We’ve reviewed many limited-edition Warwick instruments over the years, and their eye-catching nature never fails to impress.
This particular model harks back to the late 80s and early 90s when the Streamer Stage 1 seemed to be everywhere, especially among the rock community. Their ingredients may be on the expensive side, but the recipe remains the same - with a tweak here and there - so when we were presented with this bass for review at LBGS 2018, naturally we were keen to give it a thorough going-over. The Streamer is still widely available, of course, but this variant is a little special - as we’ll see.
Every Warwick Limited Edition bass has plenty of luxurious touches, and this one is no exception. The curvaceous, sculpted body shape, made from European swamp ash with a burl top, is everything you would expect from a top-end model, with extensive cutaways that offer great access to the upper regions of the 24-fret wenge fingerboard.
The level of finishing across the whole instrument is first-class - it’s a ‘Masterbuilt’ instrument after all - and there are no sharp fret ends anywhere across either side of the neck. The matching headstock facing works well in conjunction with the dark, richly coloured timbers used throughout; additionally, the dark and light woods are complemented by the gold hardware and a satin finish.
The shallow D-shaped neck profile, 18mm string spacing at the two- piece bridge unit and excellent setup make for a rewarding playing experience. As a five-string instrument, the neck profile works well in tandem with the broad fingerboard and, with a nut width of 46mm, comfort is the order of the day. The seven-piece wenge and maple laminate through-neck give the bass plenty of rigidity, and looks great.
Although there is some headstock bias, the bass sits perfectly against the player when placed on a strap and at 4.2 kilos it is quite manageable as far as five-string basses go. Abalone and pearl spiral position markers adorn the wenge fingerboard with white dot markers featuring along the side of the neck. All of the hardware is securely attached and solidly manufactured, and the bass has a reassuring feel to it, indicating that a lot of time and effort has gone into its construction.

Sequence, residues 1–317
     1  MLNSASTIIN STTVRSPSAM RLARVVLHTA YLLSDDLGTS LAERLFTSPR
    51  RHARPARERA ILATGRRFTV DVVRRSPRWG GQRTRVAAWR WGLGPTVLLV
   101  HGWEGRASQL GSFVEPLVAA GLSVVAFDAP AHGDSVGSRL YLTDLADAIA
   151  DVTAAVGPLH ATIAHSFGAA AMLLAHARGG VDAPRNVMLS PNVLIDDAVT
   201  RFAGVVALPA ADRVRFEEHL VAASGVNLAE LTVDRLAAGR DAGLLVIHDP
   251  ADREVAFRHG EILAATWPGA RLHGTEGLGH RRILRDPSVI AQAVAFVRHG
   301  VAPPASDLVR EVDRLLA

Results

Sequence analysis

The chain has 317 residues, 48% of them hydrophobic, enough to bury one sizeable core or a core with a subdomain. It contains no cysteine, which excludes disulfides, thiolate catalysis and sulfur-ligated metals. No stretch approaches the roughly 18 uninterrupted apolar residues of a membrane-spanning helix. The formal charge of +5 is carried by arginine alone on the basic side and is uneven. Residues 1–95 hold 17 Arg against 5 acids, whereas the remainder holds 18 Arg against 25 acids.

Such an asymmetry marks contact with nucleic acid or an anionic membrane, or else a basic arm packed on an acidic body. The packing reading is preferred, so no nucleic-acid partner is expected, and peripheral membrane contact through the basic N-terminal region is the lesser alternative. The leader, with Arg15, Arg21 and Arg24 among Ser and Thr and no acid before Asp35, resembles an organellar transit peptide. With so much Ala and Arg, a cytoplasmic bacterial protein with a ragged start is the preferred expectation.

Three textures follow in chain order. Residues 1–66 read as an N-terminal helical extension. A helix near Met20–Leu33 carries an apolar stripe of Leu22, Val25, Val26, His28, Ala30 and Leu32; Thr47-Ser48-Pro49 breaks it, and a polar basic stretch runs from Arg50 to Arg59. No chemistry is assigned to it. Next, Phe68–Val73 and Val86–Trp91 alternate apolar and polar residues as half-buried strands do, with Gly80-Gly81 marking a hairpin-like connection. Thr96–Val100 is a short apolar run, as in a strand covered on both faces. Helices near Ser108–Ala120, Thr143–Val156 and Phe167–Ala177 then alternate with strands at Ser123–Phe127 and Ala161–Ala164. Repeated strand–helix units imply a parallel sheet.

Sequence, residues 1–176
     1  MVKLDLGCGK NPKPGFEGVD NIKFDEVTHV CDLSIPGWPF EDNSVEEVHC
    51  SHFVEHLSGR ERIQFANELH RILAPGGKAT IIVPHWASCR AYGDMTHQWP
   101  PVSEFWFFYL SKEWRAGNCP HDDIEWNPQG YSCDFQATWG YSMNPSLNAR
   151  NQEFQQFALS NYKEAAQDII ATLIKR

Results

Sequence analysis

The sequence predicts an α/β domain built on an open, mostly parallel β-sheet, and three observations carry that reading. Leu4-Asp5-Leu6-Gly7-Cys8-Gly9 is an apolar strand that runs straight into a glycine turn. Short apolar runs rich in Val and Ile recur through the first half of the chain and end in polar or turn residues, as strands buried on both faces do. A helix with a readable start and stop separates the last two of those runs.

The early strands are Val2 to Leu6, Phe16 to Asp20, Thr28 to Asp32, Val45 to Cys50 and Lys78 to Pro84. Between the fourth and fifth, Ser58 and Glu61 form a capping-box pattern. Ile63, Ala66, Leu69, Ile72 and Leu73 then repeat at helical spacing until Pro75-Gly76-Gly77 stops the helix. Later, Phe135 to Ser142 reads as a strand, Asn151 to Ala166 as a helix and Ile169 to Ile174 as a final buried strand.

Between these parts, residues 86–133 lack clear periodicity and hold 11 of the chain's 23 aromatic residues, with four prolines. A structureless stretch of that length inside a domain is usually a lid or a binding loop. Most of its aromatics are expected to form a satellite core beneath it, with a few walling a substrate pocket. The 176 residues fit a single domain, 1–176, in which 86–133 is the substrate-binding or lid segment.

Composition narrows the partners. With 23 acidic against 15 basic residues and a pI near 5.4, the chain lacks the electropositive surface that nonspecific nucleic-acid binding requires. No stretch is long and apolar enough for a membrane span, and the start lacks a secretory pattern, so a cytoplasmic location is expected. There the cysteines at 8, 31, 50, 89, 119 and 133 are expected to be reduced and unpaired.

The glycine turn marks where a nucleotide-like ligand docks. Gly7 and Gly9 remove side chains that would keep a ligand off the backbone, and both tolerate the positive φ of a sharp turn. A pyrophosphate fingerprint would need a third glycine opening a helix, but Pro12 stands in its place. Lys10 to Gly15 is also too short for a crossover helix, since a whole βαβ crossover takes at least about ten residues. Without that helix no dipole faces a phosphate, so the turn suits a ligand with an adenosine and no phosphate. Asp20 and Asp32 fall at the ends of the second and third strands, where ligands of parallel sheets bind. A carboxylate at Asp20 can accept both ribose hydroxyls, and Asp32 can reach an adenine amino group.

The Aguilar pickups and preamp are a radical change from the MEC package we’d usually expect to see on a Warwick, but a change is as good as a rest, they say, and in this instance the combination is a great success. Acoustically, the bass feels vibrant and resonant with a strong sustain and clear fundamental tone. In the past, we have experienced several Warwick instruments that sounded soft, almost ‘spongy’, both unplugged and amplified, but this is certainly not the case with this bass. Despite being a through-neck, the warmth of the timbers are matched with a noticeable ‘bounce’ that can be felt through the body.
Plugged in, the tonal palette on offer is very broad. The Aguilar DCB-D2 soapbar pickups do a fine job, providing punch and clarity combined with a powerful, forthright display across all five strings, while the string volume is fairly consistent across the whole neck. The low B-string is particularly well focused and sits very well with the overall sonic performance, enhanced by the mid-EQ. With the Aguilar OBP-3 preamp, two mid-frequency settings (400/800Hz) can be cut or boosted using the push/pull operation on the mid control. For more power in the low mids, select the 400Hz setting, and if some extra definition and presence are required, select the 800Hz option.
Panning across the pickups highlights a fine assortment of tonal options, while the stacked bass/treble control provides a great depth of tone, allowing you to unleash an arsenal of sounds that will appeal to a broad cross-section of players. Rockers will instantly take to the organic wooden tones, which sound very impressive with fingers, pick or slapping. The percussive tones are very satisfying and stand out without being excessive. Adding bottom end provides a rich warmth that works well with the instrument’s core voice without overloading your signal, but if you like a full-on sound dripping in bass goodness, you can have that too.
We shouldn’t be surprised, but this is a highly impressive instrument all round; in terms of quality, sound and playability it can’t be faulted. However, the major stumbling block is the price. We’re not convinced that many players will stump up £5660, no matter how good it is. It’s a shame, because this is a fabulous bass. Competition is fierce when you enter the boutique world of custom-built bass guitars, but if you have the opportunity to try one of these, do so - you will be amazed.